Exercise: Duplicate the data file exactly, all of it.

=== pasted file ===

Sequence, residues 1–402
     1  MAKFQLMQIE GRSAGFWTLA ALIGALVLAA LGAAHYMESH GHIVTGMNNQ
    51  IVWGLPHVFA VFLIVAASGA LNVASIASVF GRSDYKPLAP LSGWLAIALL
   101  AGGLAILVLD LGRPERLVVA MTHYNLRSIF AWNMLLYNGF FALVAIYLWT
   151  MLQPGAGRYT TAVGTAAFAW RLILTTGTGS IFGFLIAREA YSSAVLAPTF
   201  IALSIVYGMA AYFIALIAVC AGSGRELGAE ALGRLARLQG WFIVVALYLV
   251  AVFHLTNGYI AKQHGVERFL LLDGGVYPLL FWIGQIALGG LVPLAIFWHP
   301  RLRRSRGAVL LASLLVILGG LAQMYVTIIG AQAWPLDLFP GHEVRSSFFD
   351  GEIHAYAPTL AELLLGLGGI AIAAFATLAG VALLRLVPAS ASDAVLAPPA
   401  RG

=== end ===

Sequence, residues 1–402
     1  MAKFQLMQIE GRSAGFWTLA ALIGALVLAA LGAAHYMESH GHIVTGMNNQ
    51  IVWGLPHVFA VFLIVAASGA LNVASIASVF GRSDYKPLAP LSGWLAIALL
   101  AGGLAILVLD LGRPERLVVA MTHYNLRSIF AWNMLLYNGF FALVAIYLWT
   151  MLQPGAGRYT TAVGTAAFAW RLILTTGTGS IFGFLIAREA YSSAVLAPTF
   201  IALSIVYGMA AYFIALIAVC AGSGRELGAE ALGRLARLQG WFIVVALYLV
   251  AVFHLTNGYI AKQHGVERFL LLDGGVYPLL FWIGQIALGG LVPLAIFWHP
   301  RLRRSRGAVL LASLLVILGG LAQMYVTIIG AQAWPLDLFP GHEVRSSFFD
   351  GEIHAYAPTL AELLLGLGGI AIAAFATLAG VALLRLVPAS ASDAVLAPPA
   401  RG